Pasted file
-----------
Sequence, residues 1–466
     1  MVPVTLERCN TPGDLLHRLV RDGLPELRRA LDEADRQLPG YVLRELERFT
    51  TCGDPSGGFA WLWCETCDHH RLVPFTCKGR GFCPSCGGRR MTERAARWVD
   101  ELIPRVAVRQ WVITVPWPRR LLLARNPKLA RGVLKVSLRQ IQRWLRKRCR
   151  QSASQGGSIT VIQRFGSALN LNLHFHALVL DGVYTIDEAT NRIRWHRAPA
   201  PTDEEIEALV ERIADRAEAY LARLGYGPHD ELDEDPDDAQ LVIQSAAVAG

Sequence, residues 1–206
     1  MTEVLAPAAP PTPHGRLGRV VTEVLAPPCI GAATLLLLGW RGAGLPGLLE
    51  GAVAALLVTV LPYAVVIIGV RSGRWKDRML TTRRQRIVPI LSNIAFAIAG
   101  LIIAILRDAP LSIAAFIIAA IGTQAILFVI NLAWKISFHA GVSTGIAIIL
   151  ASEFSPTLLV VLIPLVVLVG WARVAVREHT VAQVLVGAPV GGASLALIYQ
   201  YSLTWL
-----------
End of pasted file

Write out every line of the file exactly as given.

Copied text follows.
Sequence, residues 1–466
     1  MVPVTLERCN TPGDLLHRLV RDGLPELRRA LDEADRQLPG YVLRELERFT
    51  TCGDPSGGFA WLWCETCDHH RLVPFTCKGR GFCPSCGGRR MTERAARWVD
   101  ELIPRVAVRQ WVITVPWPRR LLLARNPKLA RGVLKVSLRQ IQRWLRKRCR
   151  QSASQGGSIT VIQRFGSALN LNLHFHALVL DGVYTIDEAT NRIRWHRAPA
   201  PTDEEIEALV ERIADRAEAY LARLGYGPHD ELDEDPDDAQ LVIQSAAVAG

Sequence, residues 1–206
     1  MTEVLAPAAP PTPHGRLGRV VTEVLAPPCI GAATLLLLGW RGAGLPGLLE
    51  GAVAALLVTV LPYAVVIIGV RSGRWKDRML TTRRQRIVPI LSNIAFAIAG
   101  LIIAILRDAP LSIAAFIIAA IGTQAILFVI NLAWKISFHA GVSTGIAIIL
   151  ASEFSPTLLV VLIPLVVLVG WARVAVREHT VAQVLVGAPV GGASLALIYQ
   201  YSLTWL